South Lakeland planners are expected to approve extending the life of the Kirkby Moor wind farm today (Tuesday).
The moor - which is five kilometres north west of Ulverston, and just one mile from the Lake District, has been the site of 12 turbines since 1993.
They had been due to be decommissioned next year, but SLDC is likely to approve a ten year extension to the site's lifespan.
135 letters of objection have been received, including from Cumbria Tourism and Friends of the Lake District, while 32 letters in favour have also been sent in.
Those with no objection include The Lake District National Park, English Nature, Historic England and the Duddon & Furness Mountain Rescue team.
Permission to generate electricity at Kirkby Moor is expected to be granted, with the condition that power shall cease to be generated there by the 31st of March 2027.
You can see the full report here.
Below: A summary of the support expressed to SLDC:
• The Lake District National Park, English Nature and Historic England do not object.
• Original planning permission did not rule out time extension.
• Proposal goes beyond the original conditions.
• Ecological mitigation provided as part of the wind farm proposal will provide a net ecological benefit for the site there is no evidence that they disturb wildlife.
• Would improve and restore the SSSI.
• Given the state of climate change - why oppose this.
• Will always require more power.
• The windfarm will still make a contribution to reducing CO2 emissions. Alternative energy generation should be available for the good of the country.
• Better than more nuclear.
• Windfarm has some disbenefits but is greener and environmentally preferable to alternatives.
• If turbines remain in good condition then why not extend time.
• The wind farm provides local employment.
• Gives good work, good wages, pension and health care scheme.
• The economy of Cumbria cannot rely on tourism alone.
• Mountain Rescue Team has been supported and utilise infrastructure for radio equipment and this is vital to their operation.
• Will provide monies available to local community.
Below: A summary of objections given to SLDC:
• Adverse visual impact; the turbines remain visible for miles around, greatly detract from the high amenity value of the surrounding landscape and enjoyment of this area by locals and visitors. It is an ugly scar and impacts on historic sites.
• The Lake District National Park now has World Heritage Site status.
• The wind farm was an experiment that has run its course.
• Would not be acceptable today it was approved contrary to the wishes of locals and was a call in by the Secretary of State, no longer in the National Interest.
• The turbines would impact on views from many popular locations from within the National Park which is a World Heritage status and would have a serious detrimental effect on views experienced by visitors in an area heavily dependent on the local tourism economy.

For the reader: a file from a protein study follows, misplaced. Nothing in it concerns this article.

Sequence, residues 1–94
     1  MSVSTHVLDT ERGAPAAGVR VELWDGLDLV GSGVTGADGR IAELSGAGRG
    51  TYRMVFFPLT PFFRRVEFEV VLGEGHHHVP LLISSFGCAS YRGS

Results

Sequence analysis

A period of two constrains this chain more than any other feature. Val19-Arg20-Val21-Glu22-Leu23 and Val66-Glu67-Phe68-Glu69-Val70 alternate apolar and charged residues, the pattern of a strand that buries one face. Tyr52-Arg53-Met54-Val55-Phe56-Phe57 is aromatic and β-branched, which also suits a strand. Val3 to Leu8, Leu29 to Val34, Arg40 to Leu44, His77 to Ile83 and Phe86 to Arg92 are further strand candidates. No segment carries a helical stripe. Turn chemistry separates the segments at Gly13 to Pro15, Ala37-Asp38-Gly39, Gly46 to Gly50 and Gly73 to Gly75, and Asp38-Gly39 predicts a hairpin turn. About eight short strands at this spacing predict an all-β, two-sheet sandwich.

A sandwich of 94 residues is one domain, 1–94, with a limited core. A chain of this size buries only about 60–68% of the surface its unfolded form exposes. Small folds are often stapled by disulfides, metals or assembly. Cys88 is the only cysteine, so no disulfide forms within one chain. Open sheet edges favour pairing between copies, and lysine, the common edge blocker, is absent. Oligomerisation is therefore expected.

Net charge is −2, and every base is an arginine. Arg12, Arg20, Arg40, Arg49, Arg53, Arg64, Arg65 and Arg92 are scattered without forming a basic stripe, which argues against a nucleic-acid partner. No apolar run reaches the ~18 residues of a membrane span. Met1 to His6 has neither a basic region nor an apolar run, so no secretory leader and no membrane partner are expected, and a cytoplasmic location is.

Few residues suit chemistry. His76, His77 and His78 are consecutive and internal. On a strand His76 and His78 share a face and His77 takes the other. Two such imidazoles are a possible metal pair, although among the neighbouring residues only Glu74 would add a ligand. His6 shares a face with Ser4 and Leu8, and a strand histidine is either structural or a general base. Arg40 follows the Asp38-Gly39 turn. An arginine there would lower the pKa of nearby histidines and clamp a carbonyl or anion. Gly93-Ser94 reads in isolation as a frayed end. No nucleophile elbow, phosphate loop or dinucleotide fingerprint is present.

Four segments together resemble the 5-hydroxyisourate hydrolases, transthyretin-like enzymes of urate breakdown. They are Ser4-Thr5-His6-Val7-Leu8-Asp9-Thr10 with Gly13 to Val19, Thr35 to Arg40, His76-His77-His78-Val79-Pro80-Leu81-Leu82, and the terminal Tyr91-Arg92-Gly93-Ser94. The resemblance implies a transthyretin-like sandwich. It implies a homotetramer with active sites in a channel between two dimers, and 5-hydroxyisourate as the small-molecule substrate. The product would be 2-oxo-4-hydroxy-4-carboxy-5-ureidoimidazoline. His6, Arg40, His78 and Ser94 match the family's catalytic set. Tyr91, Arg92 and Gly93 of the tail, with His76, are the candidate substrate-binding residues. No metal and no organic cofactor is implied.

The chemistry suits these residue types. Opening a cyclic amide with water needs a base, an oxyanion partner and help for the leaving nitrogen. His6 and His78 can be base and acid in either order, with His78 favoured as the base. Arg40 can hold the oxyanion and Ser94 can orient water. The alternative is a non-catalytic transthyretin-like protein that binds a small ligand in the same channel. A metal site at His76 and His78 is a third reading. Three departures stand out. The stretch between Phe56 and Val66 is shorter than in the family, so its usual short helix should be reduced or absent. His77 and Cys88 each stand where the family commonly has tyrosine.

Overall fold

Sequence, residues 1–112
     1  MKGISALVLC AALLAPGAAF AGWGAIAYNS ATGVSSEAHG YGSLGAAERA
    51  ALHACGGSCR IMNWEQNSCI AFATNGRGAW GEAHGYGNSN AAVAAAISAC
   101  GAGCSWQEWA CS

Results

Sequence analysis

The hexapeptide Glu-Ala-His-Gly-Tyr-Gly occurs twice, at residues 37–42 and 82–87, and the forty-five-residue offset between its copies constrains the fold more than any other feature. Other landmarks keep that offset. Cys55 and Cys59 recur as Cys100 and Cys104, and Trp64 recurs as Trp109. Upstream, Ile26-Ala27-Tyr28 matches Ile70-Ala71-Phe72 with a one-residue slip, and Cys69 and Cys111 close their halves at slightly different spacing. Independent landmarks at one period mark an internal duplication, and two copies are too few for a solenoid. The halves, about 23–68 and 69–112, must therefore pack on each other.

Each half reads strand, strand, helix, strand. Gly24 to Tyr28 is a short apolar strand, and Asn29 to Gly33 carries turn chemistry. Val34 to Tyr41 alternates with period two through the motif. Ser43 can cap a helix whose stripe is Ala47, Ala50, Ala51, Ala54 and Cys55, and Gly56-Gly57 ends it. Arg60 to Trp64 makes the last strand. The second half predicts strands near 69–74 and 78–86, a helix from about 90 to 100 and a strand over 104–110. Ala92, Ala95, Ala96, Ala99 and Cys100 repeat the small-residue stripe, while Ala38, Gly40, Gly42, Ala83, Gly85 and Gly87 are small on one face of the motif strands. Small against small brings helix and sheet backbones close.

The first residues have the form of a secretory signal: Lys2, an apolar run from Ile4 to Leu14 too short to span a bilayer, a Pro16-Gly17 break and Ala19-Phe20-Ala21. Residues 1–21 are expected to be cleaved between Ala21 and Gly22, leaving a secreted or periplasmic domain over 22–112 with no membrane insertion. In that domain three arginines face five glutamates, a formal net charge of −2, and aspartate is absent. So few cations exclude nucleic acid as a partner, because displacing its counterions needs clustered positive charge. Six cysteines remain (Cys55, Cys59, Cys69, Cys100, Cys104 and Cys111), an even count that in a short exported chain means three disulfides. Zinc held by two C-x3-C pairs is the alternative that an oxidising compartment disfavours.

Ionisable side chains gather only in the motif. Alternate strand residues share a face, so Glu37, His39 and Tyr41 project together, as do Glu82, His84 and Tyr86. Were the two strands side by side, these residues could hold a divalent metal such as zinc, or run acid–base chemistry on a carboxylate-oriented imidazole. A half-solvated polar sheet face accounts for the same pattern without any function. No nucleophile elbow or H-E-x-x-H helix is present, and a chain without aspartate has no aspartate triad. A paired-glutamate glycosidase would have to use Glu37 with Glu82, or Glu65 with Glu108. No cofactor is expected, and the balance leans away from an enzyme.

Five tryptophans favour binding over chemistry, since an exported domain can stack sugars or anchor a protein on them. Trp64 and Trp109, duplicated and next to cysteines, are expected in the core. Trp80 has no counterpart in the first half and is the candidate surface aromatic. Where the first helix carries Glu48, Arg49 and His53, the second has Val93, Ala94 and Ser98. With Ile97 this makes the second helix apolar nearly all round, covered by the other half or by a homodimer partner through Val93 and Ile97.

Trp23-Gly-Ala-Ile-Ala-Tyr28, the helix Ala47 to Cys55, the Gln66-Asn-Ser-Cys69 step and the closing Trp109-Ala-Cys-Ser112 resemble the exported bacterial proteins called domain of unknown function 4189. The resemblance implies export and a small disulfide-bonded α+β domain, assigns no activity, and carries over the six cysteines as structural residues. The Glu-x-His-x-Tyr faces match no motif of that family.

• The existing turbines were only meant to be in place for 25 years. They should be removed in accordance with the condition attached to the original consent and the land restored to its natural state. The decommissioning does not require further consent. It is essential that the concrete bases should be completely removed.
• There is no justification for retaining the structures on the environment other than for financial gain. The turbines will continue to take subsidies paid for by the consumers and tax payers.
• There have been many advances in the production of wind energy and offshore turbines have proved more efficient and have less adverse impacts on local communities and sensitive landscapes. There are better alternatives.
• Were told in the re-powering application that the turbines were worn out.
• The existing turbines will begin to breakdown more frequently and give further issues in terms of noise, need for access onto the moor by maintenance vehicles.
• The proposal would continue to have unacceptable impacts on local residents in terms of noise impacts; the quality of life would be harmed.
• There will be a continuing adverse impact on the Kirkby Moor SSSI resulting in the damage / loss of habitat and wildlife especially moorland birds. It will adversely affect the mires and heather moorland.
• An increase in flooding in Chapels has occurred.
An SLDC report concludes: "The proposal will continue to make a tangible contribution to targets for renewable energy generation, and although it is considered that this does not completely outweigh the harmful landscape, visual and cumulative impacts of the development including the adverse impacts upon the setting of the Lake District National Park.
"There is sufficient evidence of the public benefit arising out of the continuing production of renewable energy for a discrete period of time, this is further tilted positively by the cumulative public benefit arising from a comprehensive programme for decommissioning the turbines, the restoration of the moorland affected directly by the turbines and the regeneration of nearby moorland and mires within the SSSI."